11. QUESTION: If intercourse take place between a
couple during their year of patience, and they become estranged again
thereafter, must they recommence their year of patience, or may the
days preceding the intercourse be included in the reckoning of the
year? And once divorce hath taken place, is it necessary that a further
period of waiting be observed?
ANSWER: Should affection be renewed
between the couple during their year of patience, the marriage tie is
valid, and what is commanded in the Book of God must be observed; but
once the year of patience hath been completed and that which is decreed
by God taketh place, a further period of waiting is not required.
Sexual intercourse between husband and wife is forbidden during their
year of patience, and whoso committeth this act must seek God's
forgiveness, and, as a punishment, render to the House of Justice a
fine of nineteen mithqáls of gold.
12. QUESTION: Should antipathy develop between a
couple after the Marriage Verses have been read and the dowry paid, may
divorce take place without observance of the year of patience?
ANSWER: Divorce may legitimately be
sought after the reading of the Marriage Verses and payment of the
dowry, but before the consummation of the marriage. In such
circumstances there is no need for observance of a year of patience,
but recovery of the dowry payment is not permissible.
13. QUESTION: Is the consent of the parents on both sides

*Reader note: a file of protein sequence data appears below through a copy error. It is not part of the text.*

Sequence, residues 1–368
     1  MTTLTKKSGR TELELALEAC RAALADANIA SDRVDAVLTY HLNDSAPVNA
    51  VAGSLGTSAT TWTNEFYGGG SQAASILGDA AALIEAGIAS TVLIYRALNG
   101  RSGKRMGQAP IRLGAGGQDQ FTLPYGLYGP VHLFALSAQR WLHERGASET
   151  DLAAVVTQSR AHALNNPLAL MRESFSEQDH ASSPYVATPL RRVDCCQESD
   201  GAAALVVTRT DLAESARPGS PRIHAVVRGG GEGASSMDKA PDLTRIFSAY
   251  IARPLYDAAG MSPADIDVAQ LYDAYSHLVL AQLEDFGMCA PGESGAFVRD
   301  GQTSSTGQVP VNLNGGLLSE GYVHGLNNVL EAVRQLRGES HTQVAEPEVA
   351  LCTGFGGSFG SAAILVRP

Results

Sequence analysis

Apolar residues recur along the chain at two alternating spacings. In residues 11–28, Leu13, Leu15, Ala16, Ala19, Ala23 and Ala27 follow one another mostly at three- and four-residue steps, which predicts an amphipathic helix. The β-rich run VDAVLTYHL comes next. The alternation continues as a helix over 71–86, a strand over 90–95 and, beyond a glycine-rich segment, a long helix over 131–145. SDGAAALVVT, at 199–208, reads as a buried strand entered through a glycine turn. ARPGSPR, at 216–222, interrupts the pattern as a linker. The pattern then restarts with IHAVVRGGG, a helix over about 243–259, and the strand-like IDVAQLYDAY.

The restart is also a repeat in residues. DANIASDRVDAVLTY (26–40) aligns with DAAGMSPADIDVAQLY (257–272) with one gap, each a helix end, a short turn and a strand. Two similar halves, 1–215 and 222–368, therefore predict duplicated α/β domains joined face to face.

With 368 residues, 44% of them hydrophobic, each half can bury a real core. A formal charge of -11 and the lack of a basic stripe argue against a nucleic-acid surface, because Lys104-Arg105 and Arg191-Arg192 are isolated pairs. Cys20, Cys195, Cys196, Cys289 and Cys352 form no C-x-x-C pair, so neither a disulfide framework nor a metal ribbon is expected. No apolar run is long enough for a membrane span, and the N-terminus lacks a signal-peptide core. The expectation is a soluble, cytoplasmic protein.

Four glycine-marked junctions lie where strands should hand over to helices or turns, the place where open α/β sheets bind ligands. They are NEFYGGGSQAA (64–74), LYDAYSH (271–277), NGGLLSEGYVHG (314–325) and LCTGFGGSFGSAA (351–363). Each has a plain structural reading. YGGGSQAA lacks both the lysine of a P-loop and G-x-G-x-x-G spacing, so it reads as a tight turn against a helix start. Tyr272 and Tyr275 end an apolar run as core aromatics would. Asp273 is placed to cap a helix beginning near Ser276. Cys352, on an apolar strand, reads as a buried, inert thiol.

prerequisite to marriage, or is that of the parents on one side
sufficient? Is this law applicable only to virgins or to others as well?
ANSWER: Marriage is conditional upon
the consent of the parents of both parties to the marriage, and in this
respect it maketh no difference whether the bride be a virgin or
14. QUESTION: The believers have been enjoined to
face in the direction of the Qiblih when reciting their Obligatory
Prayers; in what direction should they turn when offering other prayers
ANSWER: Facing in the direction of
the Qiblih is a fixed requirement for the recitation of obligatory
prayer, but for other prayers and devotions one may follow what the
merciful Lord hath revealed in the Qur'án: "Whichever way ye turn,
there is the face of God."
15. QUESTION: Concerning the remembrance of God in the Mashriqu'l-Adhkár "at the hour of dawn".
ANSWER: Although the words "at the
hour of dawn" are used in the Book of God, it is acceptable to God at
the earliest dawn of day, between dawn and sunrise, or even up to two
hours after sunrise.
16. QUESTION: Is the ordinance that the body of the
deceased should be carried no greater distance than one hour's journey
applicable to transport by both land and sea?
ANSWER: This command applieth to distances
by sea as well as by land, whether it is an hour by steamship or
by rail; the intention is the hour's time, whatever the means of
transport. The sooner the burial taketh place, however, the more
fitting and acceptable will it be.
17. QUESTION: What procedure should be followed on the discovery of lost property?
ANSWER: If such property be found in
the town, its discovery is to be announced once by the town crier. If
the owner of the property is then found, it should be delivered up to